Honest to Goodness - September/October 2013

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lynn’s letters Fall always brings to my mind a fresh set of crayons and notebooks ready to be filled with exciting new projects. Summer barbecues, pastel skies and sunlight that lasts into the evening give way to packed lunches, crisp air and autumn’s riotous burst of color. For people who juggle work, family and community (that’s most of us), the seasonal flurry of a new school year, project launches, fourth-quarter projections, and the general sense that it’s go-time can easily overwhelm us. Matters that seem so pressing – the overdue report, bake sale cupcakes, committee meeting minutes – often come at the expense of our own self-care. Cell phones, ipads and other digital devices intended to make life easier, don’t help. The technology of busyness follows us everywhere these days. If you’ve ever found yourself in the bathroom stall answering email or crafting a memo in bed at 2 in the morning, you know exactly what I’m talking about.


It’s easy to let the circumstances of our lives become our lives. Before going into overdrive, try implementing a mindful separation between work time and “other than work” time. Honest to Goodness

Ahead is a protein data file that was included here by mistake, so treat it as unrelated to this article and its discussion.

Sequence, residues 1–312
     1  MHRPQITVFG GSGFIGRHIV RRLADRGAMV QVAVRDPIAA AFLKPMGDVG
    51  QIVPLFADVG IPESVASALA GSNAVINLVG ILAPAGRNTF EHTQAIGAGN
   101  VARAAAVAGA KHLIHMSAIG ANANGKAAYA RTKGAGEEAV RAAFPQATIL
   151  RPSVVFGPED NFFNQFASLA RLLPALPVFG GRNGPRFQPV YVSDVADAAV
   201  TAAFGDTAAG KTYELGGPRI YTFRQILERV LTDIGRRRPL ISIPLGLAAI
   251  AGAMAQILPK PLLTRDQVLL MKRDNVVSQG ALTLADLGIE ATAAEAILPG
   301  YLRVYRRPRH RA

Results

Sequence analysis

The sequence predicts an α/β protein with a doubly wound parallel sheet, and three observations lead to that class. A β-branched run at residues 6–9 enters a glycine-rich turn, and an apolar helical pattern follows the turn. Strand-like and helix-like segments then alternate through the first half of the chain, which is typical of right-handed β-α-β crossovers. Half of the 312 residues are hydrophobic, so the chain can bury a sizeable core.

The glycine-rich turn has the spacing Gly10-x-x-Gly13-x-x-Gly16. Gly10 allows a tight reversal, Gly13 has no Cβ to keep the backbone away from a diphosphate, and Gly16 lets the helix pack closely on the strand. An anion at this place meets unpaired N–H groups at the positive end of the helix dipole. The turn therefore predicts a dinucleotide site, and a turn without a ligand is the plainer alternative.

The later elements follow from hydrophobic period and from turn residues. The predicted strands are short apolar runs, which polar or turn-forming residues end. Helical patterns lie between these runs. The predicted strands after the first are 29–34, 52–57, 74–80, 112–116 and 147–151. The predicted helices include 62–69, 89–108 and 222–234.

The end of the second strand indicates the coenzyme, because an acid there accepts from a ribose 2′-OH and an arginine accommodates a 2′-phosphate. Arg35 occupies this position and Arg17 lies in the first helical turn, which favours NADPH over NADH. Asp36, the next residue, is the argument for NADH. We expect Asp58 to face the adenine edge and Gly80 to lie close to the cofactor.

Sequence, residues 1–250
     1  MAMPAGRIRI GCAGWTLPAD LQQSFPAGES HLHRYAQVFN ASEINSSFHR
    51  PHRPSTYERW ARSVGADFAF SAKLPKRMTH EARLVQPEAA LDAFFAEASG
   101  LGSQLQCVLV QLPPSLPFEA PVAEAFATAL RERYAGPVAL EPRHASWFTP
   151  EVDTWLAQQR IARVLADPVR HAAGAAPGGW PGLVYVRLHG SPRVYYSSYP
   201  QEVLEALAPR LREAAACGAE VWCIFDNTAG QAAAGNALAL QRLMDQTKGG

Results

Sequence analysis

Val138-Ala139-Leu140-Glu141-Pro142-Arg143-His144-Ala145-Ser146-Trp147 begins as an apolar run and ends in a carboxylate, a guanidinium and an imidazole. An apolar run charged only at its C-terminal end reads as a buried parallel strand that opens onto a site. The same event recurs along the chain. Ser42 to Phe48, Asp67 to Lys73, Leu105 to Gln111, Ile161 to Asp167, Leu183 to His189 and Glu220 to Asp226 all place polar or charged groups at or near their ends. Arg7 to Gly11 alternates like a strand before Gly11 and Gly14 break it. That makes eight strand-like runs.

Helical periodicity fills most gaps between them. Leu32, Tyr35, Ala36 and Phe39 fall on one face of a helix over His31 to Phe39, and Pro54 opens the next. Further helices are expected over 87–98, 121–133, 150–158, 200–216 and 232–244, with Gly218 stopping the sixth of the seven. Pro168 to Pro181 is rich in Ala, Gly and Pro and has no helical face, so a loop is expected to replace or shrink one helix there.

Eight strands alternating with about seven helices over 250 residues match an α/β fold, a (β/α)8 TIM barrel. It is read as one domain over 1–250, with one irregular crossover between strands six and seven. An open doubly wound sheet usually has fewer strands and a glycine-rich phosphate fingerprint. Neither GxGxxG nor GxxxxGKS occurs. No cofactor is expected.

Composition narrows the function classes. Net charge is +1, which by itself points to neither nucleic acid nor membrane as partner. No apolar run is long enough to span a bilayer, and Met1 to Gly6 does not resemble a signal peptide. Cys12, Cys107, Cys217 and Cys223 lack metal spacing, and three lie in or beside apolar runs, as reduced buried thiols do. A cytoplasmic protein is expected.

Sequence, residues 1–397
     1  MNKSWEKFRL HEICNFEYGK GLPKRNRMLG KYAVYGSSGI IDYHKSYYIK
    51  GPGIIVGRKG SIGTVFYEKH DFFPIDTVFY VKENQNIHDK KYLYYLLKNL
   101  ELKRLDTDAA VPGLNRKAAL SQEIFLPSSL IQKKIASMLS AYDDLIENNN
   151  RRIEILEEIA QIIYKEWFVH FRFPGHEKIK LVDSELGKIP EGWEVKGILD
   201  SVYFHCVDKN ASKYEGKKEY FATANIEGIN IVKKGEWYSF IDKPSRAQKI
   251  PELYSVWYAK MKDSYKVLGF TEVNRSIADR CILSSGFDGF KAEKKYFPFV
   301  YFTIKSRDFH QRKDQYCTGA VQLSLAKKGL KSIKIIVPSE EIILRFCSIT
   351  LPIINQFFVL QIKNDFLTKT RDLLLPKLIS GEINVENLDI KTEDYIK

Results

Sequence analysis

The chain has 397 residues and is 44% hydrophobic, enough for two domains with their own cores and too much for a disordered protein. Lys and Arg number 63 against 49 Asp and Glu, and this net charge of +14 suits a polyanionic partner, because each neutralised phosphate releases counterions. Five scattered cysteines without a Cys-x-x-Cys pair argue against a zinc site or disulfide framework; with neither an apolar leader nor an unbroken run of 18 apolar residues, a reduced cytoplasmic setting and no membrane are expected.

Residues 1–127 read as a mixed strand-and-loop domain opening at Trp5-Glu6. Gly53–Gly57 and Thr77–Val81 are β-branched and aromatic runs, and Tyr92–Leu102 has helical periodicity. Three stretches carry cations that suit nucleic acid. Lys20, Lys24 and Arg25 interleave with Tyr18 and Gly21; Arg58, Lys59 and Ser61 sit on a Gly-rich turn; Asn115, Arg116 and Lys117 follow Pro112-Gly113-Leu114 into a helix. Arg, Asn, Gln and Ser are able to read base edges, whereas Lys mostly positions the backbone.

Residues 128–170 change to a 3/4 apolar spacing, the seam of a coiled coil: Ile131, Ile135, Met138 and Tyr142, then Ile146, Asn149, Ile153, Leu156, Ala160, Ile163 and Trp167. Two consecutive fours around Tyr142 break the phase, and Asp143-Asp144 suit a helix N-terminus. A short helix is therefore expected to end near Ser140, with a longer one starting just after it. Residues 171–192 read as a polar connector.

Yoga can help. I’m not referring to asana practice, i.e., performing physical poses. Performing poses is beneficial in many ways, but the essence of yoga is about building better relationships—to our selves, our condition, our families, our world. A physical practice can be helpful in many ways, but the deeper practices of self-study and contemplation are more effective tools for evoking a personal transformation. We do this by open and honest inquiry, looking deeply, seeking moderation and acting compassionately. When the world is whizzing by at warp speed, giving priority to the obvious and external can be easier than quiet reflection. But chronically melding our work life into our non-work life shortchanges both. Relationships demand attention and care. How can we be fully present for our families, friends, even our pets if part of our brain is still crunching numbers or perfecting a Power Point slide during downtime? When we don’t allow ourselves to rest, recharge and restore, our productivity may actually suffer. Building a block of time in your schedule for transitioning from work to nonwork should not be overcomplicated or

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